A Nintendo Switch Price Cut? No Way!

Even though the hybrid platform sold less than a year ago, the Japanese company refuses to lower the console’s price, even though this would be the best way to reach a larger community.


In the financial year ending March 31, the Nintendo Switch sold 17.97 million units. It doesn’t sound bad at first glance, but it’s a 22.1% drop compared to the previous financial year. It is partly understandable since the Nintendo Switch has been available for six years this year, and a console generation usually lasts 6-7 years. Sales always decline towards the end, which could be partly prevented by price cuts, for example.

However, Nintendo doesn’t want to hear about it. Shuntaro Furukawa, president of the big N, admitted that the sales target of 15 million units for the period April 2023 to March 2024 would not be an easy target to reach and that they would not cut prices: “Concerning hardware, prices for certain materials have fallen, but overall costs remain high. We must also continue to account for the impact of factors such as inflation and foreign exchange rates. Production was highly impacted during the previous fiscal year, so we ensure our parts procurement occurs far enough in advance to ensure stable production. Even if raw material prices decrease, it will take time to reflect this in manufacturing costs. Currently, there are no plans to reduce the price of our hardware during this fiscal year. On the other hand, while we also have no plans to raise prices, the yen continues to be weak, and procurement costs remain high, so we will continue to monitor the situation carefully,” Furukawa said.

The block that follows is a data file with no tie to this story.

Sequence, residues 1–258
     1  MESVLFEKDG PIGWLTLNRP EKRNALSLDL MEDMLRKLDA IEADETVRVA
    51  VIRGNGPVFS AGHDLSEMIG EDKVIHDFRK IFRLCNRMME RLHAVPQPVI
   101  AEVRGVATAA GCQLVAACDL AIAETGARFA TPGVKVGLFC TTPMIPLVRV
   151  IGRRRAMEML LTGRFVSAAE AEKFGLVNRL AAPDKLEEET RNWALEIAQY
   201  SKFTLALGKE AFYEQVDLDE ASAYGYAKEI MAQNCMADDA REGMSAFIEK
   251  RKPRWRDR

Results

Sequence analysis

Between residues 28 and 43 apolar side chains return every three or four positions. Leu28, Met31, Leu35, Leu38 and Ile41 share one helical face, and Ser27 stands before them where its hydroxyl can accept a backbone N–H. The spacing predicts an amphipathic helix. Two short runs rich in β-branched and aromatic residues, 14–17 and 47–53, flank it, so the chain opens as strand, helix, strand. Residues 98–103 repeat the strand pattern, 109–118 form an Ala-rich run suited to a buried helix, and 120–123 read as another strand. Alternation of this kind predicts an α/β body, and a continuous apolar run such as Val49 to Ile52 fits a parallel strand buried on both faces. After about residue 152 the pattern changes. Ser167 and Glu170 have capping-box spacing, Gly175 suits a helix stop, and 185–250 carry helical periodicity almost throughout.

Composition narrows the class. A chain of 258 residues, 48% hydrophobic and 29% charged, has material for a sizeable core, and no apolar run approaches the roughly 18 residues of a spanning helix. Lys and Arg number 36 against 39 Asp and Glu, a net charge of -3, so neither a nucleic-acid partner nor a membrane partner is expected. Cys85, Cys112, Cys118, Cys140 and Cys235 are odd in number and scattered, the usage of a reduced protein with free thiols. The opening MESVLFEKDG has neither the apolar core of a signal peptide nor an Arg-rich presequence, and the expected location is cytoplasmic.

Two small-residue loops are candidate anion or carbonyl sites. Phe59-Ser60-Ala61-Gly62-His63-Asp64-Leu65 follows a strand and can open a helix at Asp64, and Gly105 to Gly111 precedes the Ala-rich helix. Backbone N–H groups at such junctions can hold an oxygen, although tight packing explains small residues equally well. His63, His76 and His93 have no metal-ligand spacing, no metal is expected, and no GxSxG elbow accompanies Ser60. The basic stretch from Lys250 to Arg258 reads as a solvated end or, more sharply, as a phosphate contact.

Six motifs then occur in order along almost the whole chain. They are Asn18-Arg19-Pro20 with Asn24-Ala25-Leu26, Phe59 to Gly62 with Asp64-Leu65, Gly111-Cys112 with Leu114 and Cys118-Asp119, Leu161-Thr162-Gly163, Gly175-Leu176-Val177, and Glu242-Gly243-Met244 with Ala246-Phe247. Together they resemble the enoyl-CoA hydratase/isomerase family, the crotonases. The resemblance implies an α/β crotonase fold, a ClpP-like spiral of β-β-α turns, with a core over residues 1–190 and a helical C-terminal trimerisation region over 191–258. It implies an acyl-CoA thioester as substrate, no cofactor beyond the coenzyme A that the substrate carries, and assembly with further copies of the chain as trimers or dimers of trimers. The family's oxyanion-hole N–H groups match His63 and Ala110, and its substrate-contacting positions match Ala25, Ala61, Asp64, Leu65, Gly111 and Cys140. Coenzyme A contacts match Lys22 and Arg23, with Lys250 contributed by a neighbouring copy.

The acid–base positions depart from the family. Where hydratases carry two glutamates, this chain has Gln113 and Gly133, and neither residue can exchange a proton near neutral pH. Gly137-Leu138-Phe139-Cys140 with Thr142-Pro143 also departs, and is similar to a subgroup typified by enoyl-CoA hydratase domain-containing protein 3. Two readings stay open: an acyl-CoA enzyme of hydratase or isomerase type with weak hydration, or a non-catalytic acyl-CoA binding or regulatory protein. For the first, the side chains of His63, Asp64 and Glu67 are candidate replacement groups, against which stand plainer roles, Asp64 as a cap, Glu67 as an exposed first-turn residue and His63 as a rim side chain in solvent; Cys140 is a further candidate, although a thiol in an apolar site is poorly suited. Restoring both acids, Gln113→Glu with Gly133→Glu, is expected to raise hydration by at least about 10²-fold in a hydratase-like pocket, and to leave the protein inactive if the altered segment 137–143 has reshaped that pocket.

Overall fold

There was also talk that The Legend of Zelda: Tears of the Kingdom, which was released yesterday, has also joined the $70 price range, but that it will not be the pricing for all their self-developed games from now on: “Regarding the price of software, the MSRP (manufacturerʼs suggested retail price) of The Legend of Zelda: Tears of the Kingdom is ten dollars higher in the U.S. than its predecessor, but this does not indicate a general increase in the price of our software. Our approach is to determine the fair price of a product on a case-by-case basis. Development costs are indeed on the rise due to the enhanced breadth of content and the requirement of more advanced technology to support online play, so the pricing for our new titles going forward is something that we will continue to consider thoroughly.”

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Source: VGC

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Anikó, our news editor and communication manager, is more interested in the business side of the gaming industry. She worked at banks, and she has a vast knowledge of business life. Still, she likes puzzle and story-oriented games, like Sherlock Holmes: Crimes & Punishments, which is her favourite title. She also played The Sims 3, but after accidentally killing a whole sim family, swore not to play it again. (For our office address, email and phone number check out our IMPRESSUM)

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